Chief Harteau, a 30-year veteran of the Minneapolis police force, said in a statement that “the recent incidents do not reflect the training and procedures we’ve developed as a department.”
“I’ve decided I am willing to step aside to let a fresh set of leadership eyes see what more can be done for the M.P.D. to be the very best it can be,” Chief Harteau said. “The city of Minneapolis deserves the very best.”
Ms. Damond’s death was the latest high-profile episode that raised questions about police tactics under Chief Harteau’s watch. Weeks of protests followed the fatal shooting of Jamar Clark, an unarmed black man, in 2015.
Nekima Levy-Pounds, a civil rights lawyer and activist running for mayor of Minneapolis, said Chief Harteau “needed to be fired.” Ms. Levy-Pounds said it had been “a slap in the face to people of color” that the chief spoke out about the death of Ms. Damond, who was white, after defending officers involved in past shootings of black people.
“She is attempting to paint this as an isolated case based on one officer’s poor judgment as opposed to a systemic pattern,” Ms. Levy-Pounds said.
Ms. Hodges, who is up for re-election in November and who has faced criticism for her own handling of police issues, said she was appreciative of Chief Harteau’s service but had requested her resignation.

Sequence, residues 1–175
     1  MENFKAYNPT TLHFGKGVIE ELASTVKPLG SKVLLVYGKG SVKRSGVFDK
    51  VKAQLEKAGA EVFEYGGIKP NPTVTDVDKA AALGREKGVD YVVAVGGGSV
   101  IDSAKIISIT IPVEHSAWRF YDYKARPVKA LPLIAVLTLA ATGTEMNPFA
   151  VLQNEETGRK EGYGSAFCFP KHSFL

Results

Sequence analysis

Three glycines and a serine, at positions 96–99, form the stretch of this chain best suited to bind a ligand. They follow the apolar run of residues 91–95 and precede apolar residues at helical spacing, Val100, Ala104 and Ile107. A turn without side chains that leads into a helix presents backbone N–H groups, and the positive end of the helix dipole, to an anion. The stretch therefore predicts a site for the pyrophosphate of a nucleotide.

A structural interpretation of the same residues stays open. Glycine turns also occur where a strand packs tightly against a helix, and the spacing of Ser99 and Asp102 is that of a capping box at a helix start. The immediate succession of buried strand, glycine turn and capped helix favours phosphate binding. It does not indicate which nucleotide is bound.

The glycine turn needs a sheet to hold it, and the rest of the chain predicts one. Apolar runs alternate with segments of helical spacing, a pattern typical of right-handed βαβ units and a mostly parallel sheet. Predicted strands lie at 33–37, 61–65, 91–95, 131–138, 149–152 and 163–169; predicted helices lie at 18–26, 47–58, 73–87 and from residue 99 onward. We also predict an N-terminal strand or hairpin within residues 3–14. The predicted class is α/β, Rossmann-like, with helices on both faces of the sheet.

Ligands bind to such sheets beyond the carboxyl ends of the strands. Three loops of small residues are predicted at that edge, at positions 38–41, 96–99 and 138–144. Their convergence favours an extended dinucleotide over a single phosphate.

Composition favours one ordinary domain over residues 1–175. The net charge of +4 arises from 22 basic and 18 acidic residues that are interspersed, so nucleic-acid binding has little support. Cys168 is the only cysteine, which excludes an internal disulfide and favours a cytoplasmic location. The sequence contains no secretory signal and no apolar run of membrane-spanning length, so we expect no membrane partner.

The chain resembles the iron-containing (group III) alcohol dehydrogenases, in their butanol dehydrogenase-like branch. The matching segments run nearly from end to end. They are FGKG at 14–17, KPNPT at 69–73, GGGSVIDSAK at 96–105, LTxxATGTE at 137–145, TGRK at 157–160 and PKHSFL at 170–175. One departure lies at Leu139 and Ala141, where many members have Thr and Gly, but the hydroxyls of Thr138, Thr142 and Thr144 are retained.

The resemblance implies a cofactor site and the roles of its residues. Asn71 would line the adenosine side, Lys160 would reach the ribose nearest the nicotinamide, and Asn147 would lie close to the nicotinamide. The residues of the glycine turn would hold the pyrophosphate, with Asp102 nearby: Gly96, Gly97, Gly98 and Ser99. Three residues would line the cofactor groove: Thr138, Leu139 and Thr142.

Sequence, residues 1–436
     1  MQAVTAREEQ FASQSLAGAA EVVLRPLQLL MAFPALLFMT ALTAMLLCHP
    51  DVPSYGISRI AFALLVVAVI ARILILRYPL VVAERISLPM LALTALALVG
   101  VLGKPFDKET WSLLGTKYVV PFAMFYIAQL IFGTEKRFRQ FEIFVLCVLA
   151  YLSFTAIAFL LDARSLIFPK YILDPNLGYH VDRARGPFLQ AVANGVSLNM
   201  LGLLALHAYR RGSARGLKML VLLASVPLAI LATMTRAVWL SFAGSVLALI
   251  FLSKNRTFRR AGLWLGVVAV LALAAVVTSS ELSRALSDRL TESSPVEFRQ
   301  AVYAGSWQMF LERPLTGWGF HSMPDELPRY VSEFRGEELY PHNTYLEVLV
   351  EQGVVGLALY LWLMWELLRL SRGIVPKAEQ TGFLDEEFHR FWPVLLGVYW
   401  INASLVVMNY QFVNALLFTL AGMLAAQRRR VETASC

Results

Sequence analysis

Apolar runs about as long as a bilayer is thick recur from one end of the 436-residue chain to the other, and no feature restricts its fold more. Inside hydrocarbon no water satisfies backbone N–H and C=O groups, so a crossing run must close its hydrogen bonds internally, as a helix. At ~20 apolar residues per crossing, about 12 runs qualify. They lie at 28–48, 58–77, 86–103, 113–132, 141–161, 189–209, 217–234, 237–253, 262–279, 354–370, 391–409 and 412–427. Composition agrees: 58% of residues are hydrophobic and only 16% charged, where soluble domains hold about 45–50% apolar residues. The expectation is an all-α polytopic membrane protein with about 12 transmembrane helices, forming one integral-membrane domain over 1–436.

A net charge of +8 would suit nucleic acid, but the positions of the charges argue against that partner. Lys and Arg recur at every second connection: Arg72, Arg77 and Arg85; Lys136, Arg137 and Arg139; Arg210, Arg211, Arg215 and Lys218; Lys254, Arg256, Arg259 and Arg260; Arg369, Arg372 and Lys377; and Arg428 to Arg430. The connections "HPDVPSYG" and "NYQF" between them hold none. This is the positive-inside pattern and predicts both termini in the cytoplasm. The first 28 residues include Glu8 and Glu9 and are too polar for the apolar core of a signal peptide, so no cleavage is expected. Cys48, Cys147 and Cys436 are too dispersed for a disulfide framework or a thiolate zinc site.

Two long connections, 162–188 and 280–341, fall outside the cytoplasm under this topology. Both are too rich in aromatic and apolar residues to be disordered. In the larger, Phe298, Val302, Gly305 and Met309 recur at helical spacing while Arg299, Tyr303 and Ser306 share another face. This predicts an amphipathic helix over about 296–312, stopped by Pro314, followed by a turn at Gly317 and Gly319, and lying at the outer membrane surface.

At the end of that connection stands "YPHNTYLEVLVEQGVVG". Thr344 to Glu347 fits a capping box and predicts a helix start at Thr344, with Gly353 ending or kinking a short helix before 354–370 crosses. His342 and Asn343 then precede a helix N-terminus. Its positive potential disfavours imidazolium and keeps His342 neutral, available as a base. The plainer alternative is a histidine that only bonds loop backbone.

“In conversation with the chief today, she and I agreed that she would step aside to make way for new leadership,” Ms. Hodges said. “I asked Chief Harteau for her resignation, she tendered it, and I have accepted it.”
Chief Harteau was the first woman to serve as Minneapolis police chief, and is also openly gay. She worked her way through the ranks of the department after joining in 1987, and was seen by some nationally as a police reformer who outfitted officers with body cameras and advocated restorative justice. But locally, her department faced frequent protests and criticisms for its use of force and treatment of black people.
Chief Harteau was also believed to have a strained relationship with Ms. Hodges. The two leaders faced criticism from the Justice Department for their coordination during 2015 protests. And earlier this year, Ms. Hodges publicly overruled the chief on a promotion decision.
State investigators continue to probe Ms. Damond’s death. Both Ms. Hodges and Chief Harteau have said she should not have been shot. “Justine didn’t have to die,” Chief Harteau said on Thursday, citing information released by state officials investigating the case. “I believe the actions in question go against who we are as a department, how we train and the expectations we have for our officers.”